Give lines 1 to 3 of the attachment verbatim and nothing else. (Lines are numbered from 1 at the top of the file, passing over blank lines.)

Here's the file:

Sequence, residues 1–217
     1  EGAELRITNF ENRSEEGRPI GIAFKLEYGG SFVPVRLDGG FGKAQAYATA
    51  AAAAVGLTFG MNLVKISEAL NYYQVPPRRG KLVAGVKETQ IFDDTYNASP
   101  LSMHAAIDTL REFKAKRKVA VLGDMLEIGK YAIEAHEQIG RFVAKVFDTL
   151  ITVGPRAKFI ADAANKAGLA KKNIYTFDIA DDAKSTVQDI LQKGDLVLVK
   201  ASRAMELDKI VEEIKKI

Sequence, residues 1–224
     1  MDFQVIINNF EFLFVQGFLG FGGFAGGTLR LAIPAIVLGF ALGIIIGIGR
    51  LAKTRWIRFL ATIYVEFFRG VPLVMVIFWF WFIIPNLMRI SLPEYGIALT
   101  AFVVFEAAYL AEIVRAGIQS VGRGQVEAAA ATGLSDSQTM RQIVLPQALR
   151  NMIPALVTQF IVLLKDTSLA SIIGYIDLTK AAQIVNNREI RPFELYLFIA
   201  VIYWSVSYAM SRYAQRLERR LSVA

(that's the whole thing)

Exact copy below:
Sequence, residues 1–217
     1  EGAELRITNF ENRSEEGRPI GIAFKLEYGG SFVPVRLDGG FGKAQAYATA
    51  AAAAVGLTFG MNLVKISEAL NYYQVPPRRG KLVAGVKETQ IFDDTYNASP